We add a few dried, ground spices that are purported to have anti-viral, anti-fungal properties. We use dried to make it convenient, but fresh is best. I make up a pot of this “tea” and simmer it on the stove using fresh garlic and ginger, then adding the ground turmeric and fresh ground black pepper. Turmeric, garlic, and ginger are all anti-inflammatories and also have mucalytic properties (mucus-busters). The black pepper is reported to increase the effects or allow us to metabolize the turmeric better.

I have a major head cold right now and between sipping on hot mugs of Magic Elixir and drinking warm water with lemon and taking my precious Nature’s Answer Sambucus  (super concentrated black elderberry extract in glycerin–a natural anti-cold/anti-flu immune booster) 4 times a day, I feel like it’s helping me fight off the virus trying to make my nasal passages their little biatch.

Try it and see what you think! Leave me a note to let me know how it worked. Oh did I forget to mention Magic Elixir tastes delicious and kicks the MHs (mean hungries) in the nads? Tsk, tsk, dang chemo-brain!

Magic Elixir

Prep Time: 3 minutes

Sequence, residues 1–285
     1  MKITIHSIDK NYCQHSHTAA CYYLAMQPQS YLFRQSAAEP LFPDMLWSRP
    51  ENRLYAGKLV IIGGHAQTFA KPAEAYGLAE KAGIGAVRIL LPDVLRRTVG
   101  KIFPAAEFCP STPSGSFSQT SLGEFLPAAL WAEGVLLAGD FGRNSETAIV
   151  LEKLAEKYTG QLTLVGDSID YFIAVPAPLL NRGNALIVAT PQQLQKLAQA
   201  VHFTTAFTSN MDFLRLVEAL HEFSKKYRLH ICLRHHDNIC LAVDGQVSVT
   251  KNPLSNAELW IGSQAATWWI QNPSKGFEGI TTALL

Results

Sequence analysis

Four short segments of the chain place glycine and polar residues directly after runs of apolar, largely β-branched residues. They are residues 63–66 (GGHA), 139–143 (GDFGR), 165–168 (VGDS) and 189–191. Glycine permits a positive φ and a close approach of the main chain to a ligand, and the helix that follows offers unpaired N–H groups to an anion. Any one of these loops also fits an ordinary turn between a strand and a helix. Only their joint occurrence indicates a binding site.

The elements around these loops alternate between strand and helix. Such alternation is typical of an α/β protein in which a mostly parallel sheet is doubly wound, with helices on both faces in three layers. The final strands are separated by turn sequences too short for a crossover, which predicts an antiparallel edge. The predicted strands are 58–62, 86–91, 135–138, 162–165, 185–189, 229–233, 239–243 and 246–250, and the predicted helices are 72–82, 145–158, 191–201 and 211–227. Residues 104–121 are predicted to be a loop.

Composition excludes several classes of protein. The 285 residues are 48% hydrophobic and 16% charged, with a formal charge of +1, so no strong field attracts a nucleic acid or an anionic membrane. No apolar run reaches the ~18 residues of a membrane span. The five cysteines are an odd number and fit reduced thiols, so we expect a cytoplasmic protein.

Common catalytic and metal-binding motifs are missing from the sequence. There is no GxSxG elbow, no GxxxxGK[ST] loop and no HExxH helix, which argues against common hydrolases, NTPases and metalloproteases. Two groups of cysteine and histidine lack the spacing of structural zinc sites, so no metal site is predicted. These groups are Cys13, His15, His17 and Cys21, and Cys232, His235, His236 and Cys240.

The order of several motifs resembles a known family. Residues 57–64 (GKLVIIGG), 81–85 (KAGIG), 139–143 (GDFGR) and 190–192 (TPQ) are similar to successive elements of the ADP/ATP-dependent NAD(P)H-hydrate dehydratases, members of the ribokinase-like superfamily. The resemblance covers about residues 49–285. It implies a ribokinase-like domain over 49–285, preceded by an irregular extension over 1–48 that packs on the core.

Cook Time: 2 minutes

Total Time: 5 minutes

Yield: 1 Serving

Serving Size: 1 Mug

Calories per serving: 20

Magic Elixir

Yes, Fast Days Healing Days will even teach you how to microwave water and make a cup of instant bouillon! But Susie T. does have a couple of powerful pinches of this and that in her Magic Elixir to help make your Fast Days (FDs) taste delicious, take the edge off hunger and maybe even clear the cobwebs upstairs!

Ingredients

1 cup bone broth
1/8 teaspoon dried parsley
1/8 teaspoon ground turmeric
1/8 teaspoon ground ginger
1/8 teaspoon granulated garlic
Variation
1 cup water

Instructions

    In medium sauce pan over medium high heat, bring bone broth to a boil. Reduce heat to a very low simmer. Add dried herbs and spices or use fresh for an even greater burst of goodness. Pour into a glass and drink it as hot as you can tolerate, but don't burn yourself!
    Don't have bone broth? No prob. Sub 1 cup of water and 1 teaspoon Better Than Bouillon for the bone broth. Microwave 90 seconds. Add spices and stir to dissolve. Drink immediately as you would a hot tea.

Notes

A quick pick-me-up filled with the purported healing powers of anti-inflammatory spices. We love this tea when fighting colds and flu. If you have bone broth, use it preferentially. It tastes amazing and we think it really helps clear our sinuses.

Serving Ideas Serve on its own or with your favorite lean protein to make a small meal.

Nutritional Information

Bone Broth: 20 Calories; 1g Fat (26.4% calories from fat); 3g Protein; 1g Carbohydrate; trace Dietary Fiber; 0mg Cholesterol; 790mg Sodium. 1g Net Carbohydrate

Better Than Bouillon: 20 Calories; 1g Fat (24.4% calories from fat); 1g Protein; 3g Carbohydrate; trace Dietary Fiber; 0mg Cholesterol; 508mg Sodium, 3g Net Carbohydrate

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Author: Susie T. Gibbs